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At Long Last, Japan is Open for Visitors!

After two and a half years, Japan is at last open for visitors. Japan is a country that’s easy to fall in love with. Harmony, or "wa," is a foundation of Japanese culture, and visitors will discover that this is a place where massive metropolises can co-exist with natural paradises, where skyscrapers tower not very far from historical temples and shrines. It is this blend of the modern and ancient that captures travelers like no other destination.

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Each of Japan’s 47 prefectures has its own charm, and every season has wonders to share – from the cherry blossoms of spring in Yoshino, east of Osaka, to the surprisingly vibrant fall colors of the mainland, to the famous powder slopes craved by skiers on the island of Hokkaido. The lights, sounds and smells of Tokyo at night will enthrall you. Treat the kids (or kids at heart) to a Mario Kart go-kart tour through the streets of the city itself.

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At some point during your visit, a stay in a ryokan – a traditional Japanese inn – is essential for a taste of traditional life and hospitality. You’ll find tatami rooms, futon beds, Japanese-style baths, and local cuisine. Another popular cultural experience is soaking in a sento (bathhouse) or an onsen (outdoors in volcanic spring water). Either way, the water will be very hot and the communal experience a genuine Japanese ritual. In winter, head to Snow Monkey Park near Nagano to watch the adorable macaques enjoy the same rite with comical solemnity.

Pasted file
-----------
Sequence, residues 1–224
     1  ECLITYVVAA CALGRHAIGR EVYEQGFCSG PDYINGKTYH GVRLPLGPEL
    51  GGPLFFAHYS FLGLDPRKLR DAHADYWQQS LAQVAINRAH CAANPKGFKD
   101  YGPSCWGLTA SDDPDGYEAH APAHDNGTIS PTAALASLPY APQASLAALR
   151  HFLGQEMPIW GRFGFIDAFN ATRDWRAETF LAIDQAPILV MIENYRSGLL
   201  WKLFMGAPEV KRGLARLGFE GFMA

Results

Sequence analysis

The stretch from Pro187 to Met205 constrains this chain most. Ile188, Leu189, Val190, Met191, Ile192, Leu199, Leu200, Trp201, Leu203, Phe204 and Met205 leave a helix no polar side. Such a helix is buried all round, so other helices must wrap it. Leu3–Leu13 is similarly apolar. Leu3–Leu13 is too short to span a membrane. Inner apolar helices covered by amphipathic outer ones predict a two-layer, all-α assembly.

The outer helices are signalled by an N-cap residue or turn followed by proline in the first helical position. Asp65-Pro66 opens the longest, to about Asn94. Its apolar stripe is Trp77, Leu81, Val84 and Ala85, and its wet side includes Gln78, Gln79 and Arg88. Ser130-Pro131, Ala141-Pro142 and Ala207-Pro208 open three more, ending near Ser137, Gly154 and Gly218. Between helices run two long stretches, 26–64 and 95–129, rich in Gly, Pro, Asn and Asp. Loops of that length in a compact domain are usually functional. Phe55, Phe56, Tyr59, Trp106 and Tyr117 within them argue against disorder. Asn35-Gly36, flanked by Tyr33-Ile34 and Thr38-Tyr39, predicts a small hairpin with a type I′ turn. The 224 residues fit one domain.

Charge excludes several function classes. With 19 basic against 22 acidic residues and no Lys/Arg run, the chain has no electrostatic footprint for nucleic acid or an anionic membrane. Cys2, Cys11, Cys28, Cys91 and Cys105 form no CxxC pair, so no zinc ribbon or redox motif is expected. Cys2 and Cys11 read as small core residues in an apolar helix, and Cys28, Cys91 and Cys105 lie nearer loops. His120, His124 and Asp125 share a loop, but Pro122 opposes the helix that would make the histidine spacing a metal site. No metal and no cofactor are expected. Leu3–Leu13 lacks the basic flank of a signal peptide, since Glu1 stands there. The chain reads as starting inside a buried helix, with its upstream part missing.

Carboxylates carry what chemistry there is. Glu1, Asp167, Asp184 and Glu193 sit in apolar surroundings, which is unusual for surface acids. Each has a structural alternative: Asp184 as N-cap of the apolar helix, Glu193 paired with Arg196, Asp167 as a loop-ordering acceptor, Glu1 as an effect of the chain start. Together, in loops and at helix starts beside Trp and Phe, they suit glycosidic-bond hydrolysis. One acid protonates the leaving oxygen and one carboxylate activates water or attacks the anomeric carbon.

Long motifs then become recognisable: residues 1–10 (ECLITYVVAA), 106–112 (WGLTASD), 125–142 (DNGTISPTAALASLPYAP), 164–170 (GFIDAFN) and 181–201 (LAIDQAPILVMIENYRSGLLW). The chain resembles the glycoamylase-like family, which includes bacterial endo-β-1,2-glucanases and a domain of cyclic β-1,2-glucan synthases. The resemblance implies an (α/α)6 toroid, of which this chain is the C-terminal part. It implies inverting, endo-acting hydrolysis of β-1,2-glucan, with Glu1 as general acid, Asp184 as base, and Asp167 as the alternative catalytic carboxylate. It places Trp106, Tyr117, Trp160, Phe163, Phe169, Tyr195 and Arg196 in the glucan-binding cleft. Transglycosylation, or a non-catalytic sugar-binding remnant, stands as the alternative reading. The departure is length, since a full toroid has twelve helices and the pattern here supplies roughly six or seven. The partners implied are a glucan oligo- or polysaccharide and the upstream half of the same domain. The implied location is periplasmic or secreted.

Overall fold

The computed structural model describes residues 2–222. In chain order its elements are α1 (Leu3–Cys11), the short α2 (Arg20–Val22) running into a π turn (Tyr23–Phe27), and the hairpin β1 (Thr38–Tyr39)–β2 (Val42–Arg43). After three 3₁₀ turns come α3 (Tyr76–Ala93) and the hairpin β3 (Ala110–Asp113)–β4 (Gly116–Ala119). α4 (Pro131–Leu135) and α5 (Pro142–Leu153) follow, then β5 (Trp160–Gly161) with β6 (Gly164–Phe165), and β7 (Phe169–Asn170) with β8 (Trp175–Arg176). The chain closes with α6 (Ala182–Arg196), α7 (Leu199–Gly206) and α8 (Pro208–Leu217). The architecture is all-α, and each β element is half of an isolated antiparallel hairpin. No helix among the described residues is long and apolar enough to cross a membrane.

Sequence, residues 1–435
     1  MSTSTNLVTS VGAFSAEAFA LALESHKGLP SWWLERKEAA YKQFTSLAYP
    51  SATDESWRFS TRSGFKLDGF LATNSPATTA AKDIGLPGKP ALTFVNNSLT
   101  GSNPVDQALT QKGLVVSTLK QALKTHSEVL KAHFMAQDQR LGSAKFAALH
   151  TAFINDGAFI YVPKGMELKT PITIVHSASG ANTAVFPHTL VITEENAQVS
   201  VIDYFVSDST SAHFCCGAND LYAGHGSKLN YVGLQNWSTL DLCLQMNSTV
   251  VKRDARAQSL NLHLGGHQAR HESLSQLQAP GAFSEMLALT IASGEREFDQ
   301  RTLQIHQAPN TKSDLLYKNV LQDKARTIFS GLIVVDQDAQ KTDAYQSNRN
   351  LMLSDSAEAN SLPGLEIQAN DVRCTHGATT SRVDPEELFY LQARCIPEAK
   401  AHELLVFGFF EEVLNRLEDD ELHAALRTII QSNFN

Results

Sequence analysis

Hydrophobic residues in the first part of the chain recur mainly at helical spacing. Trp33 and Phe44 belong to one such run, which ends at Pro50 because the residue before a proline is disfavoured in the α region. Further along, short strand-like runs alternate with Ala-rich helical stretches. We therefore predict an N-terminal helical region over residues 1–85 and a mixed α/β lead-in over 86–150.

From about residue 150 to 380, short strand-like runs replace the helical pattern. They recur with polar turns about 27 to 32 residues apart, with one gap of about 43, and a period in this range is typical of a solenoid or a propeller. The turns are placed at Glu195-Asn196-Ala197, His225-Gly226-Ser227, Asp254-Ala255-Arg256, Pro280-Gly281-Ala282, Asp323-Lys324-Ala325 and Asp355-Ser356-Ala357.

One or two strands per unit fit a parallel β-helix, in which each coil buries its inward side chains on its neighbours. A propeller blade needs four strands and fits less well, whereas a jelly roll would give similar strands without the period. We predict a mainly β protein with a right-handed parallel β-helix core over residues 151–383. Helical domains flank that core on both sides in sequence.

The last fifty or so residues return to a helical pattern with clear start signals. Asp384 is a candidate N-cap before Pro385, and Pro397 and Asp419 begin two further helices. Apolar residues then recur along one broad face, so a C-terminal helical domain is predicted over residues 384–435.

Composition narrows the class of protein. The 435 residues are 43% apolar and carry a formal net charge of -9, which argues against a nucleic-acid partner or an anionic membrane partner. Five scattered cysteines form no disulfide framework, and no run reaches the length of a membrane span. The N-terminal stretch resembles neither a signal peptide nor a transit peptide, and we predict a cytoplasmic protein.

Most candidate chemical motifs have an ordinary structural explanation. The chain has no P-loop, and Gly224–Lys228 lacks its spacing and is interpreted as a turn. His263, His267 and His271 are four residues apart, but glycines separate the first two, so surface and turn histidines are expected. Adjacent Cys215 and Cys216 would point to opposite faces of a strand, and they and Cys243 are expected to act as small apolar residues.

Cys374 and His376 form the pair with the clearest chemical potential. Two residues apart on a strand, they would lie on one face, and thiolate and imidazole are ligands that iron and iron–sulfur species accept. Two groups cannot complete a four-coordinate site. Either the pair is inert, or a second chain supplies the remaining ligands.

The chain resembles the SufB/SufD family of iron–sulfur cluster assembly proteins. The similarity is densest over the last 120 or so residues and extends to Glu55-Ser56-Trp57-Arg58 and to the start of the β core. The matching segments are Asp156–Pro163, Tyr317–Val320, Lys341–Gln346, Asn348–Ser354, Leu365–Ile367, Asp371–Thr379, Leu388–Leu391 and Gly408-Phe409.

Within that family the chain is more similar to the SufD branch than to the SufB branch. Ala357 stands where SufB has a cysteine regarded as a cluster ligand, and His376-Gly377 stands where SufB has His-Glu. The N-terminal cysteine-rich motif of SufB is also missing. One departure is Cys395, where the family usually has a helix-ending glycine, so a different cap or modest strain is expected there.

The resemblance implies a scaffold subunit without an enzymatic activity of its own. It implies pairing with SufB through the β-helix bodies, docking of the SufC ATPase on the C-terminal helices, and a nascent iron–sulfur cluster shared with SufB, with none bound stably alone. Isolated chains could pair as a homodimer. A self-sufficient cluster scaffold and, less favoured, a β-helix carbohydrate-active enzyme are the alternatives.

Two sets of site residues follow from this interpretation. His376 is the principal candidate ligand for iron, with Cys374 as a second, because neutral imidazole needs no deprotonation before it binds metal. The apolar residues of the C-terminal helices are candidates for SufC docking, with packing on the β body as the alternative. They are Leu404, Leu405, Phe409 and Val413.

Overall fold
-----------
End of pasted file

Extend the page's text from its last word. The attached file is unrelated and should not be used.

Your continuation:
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Seeking out the floating torii gate of Miyajima or walking through the gates of the Fushimi Inari shrine in Kyoto – in fact, exploring any of Japan’s many shrines and temples – is an excellent way to learn more about the country’s spiritual side. Birdwatchers will delight in the rare and stunning species to be found in one of Japan’s 160 designated bird preserves.

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And those who love to fish will enjoy the challenge of angling the old-fashioned way – with traditional Japanese bamboo poles. Ask us to seek out this experience or a visit to any of the country’s many artisans working hard to keep the old crafts alive – everything from wood-block prints to pottery and papermaking. You are guaranteed to find something exquisite. Make sure to save space in your suitcase.

Ready to visit Japan?

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